The language of IT shifted in the last few years. Previously, NetOps was primarily used as a simple abbreviation of network operations. Now, its meaning has advanced to mean network operations as reimagined in the age of DevOps, and it is a topic of rapidly increasing interest to network administrators, managers and engineers.
At first, the term NetOps 2.0 was used to distinguish NetOps from the traditional, older meaning. Adding to the confusion, NetOps is also sometimes referred to as NetDevOps or DevNetOps, in order to focus on application development use cases and its ties to DevOps. Now, NetOps is simply shorthand for the rising new paradigm in network operations.
The problems with conventional network operations
Traditional network operations are too manual, change-averse and reactive, and the results are too fragile. The main goal of NetOps is to address these persistent problems.
Too manual. Network operations are too manual because most networking teams use minimal automation in deploying and maintaining switches, routers and other gear.
Too change-averse. Conventional network operations are too change-averse, in that current change control practices have the intended effect of making it difficult to modify the environment. For example, in a recent Nemertes research project, one participant said a configuration change could push out to all the switches in the network in less than 10 minutes, but change control could take months.
Too reactive. Finally, network operations are too reactive, in that most networking staff effort goes into dealing with problems -- often the result of a mistake in a manual configuration change -- rather than advancing strategic initiatives.
Legacy network operations practices evolved with the goal of minimizing interruptions to network services. This evolution is in the context of slowly changing service portfolios because the networks that grow out of these environments are too fragile to accommodate rapid evolution in services. As a result, making a change frequently means something breaks, which leads to long change management review processes, an aversion to change in general and the reactive nature of so much work.
How NetOps optimizes the network for change
NetOps aims to invert the problems with conventional network operations. Ideally, it helps NetOps teams more successfully accomplish the following:
- make operations more automated;
- be agile and iterative, not change-averse;
- be anticipatory, not reactive; and
- make the network resilient rather than fragile.
NetOps seeks to use more types of automation in network management. In some cases, it is the straightforward, ad hoc automation of scripting, with a new focus on scripting responsibly by using code management and setting tool and practice standards. In other cases, NetOps incorporates platform-based automation, such as intent-based networking (IBN). With IBN, declarative-style tools define the state a device should be in, while the automation platform does the work to reach that state.
In a true NetOps environment, network teams expect frequent changes in the environment and focus their attention on minimizing the possible side effects of change. They expect to use automation to launch new services in production after having refined that automation in test deployments and to continue to use automation to rapidly correct problems not encountered earlier.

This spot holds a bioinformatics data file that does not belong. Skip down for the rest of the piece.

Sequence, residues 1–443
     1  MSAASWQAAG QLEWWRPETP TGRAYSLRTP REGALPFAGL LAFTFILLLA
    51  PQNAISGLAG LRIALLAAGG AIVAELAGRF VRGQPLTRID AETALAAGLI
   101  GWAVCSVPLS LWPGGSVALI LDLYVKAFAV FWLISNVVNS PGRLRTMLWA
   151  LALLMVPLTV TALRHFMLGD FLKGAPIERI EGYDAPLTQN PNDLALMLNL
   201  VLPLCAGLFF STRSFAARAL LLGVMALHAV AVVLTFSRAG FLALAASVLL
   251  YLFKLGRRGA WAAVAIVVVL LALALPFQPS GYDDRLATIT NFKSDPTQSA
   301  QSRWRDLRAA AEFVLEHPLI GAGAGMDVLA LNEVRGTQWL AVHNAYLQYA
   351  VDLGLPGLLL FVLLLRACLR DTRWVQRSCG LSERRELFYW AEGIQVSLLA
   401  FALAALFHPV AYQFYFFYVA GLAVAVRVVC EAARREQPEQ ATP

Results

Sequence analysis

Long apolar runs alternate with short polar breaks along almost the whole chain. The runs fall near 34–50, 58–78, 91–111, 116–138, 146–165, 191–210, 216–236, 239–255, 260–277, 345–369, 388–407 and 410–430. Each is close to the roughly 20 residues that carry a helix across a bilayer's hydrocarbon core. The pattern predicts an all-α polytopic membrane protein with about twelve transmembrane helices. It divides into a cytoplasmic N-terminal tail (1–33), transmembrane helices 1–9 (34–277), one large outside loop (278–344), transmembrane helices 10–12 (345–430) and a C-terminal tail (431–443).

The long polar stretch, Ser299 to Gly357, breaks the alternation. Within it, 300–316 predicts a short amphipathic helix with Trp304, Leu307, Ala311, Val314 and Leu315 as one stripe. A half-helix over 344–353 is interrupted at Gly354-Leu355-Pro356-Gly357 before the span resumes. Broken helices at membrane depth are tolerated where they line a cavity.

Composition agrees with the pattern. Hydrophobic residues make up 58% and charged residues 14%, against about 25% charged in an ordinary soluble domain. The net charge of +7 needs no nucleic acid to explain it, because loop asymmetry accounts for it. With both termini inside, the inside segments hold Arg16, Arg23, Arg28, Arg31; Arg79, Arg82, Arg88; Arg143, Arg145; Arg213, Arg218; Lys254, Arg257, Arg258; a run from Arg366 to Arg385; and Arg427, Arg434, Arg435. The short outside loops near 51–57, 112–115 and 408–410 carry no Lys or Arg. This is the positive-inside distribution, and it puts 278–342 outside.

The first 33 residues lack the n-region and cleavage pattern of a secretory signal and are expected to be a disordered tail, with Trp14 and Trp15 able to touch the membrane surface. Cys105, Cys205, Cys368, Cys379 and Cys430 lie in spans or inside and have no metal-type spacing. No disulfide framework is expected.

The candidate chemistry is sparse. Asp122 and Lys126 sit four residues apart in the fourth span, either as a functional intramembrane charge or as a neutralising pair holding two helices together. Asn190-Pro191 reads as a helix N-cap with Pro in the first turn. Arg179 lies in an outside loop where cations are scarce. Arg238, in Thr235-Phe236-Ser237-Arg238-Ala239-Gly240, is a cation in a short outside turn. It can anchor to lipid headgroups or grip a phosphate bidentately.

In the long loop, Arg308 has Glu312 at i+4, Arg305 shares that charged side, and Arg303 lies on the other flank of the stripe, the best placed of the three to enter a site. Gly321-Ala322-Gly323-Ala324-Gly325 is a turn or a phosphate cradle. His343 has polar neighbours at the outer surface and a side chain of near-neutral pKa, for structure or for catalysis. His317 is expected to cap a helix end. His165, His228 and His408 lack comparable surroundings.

NetOps makes the network more resilient by using automation to make deployments and updates to the environment more consistent and correct. It also enables iterative approaches when launching new services into production.
NetOps vs. the NOC: Either/or or both/and?
Will NetOps displace existing network operations centers and make them obsolete, or will it reshape NOCs to better serve current and emerging needs? Surely, it will be the latter.
Despite the changes taking shape, two things are certain: The network is central to all aspects of operations, and network emergencies will still occur. Without network services, business rapidly grinds to a halt for most organizations. Equipment and services will still fail, bad actors will still attack and unforeseen new problems will still emerge. Therefore, a role for full-time, rapid-response operations support -- in other words, a NOC -- will continue to be necessary.
But, with NetOps reshaping practices, NOCs will also evolve, mainly to become more automated. An old-style NOC will have a high-level playbook that staff can follow in the event of something like a ransomware attack. Those steps could include the following:
- "When directed to by the security operations center, stop cross-talk among virtual LANs by changing these configuration items."
- "Prevent access to central file stores by removing these web front-end servers from the load-balancer resource group."
A NetOps NOC will have detailed automation at the ready to enact playbook directives. Those directives can act as a wall of "little red buttons" for teams to implement changes as quickly as possible, in tested and repeatable ways -- with no fat-finger mistakes to make things worse rather than better. Teams might also enable a single "big red button" that can trigger execution of the whole playbook.
Ultimately, in a world of overburdened network teams, automation at the highest level is increasingly likely. In response to detected problems, tools monitoring the network will simply trigger the appropriate automated responses, while alerting the staff.
While most network teams are a long way from that fully automated response scenario, the rapid rise of NetOps is making its eventual implementation steadily more likely.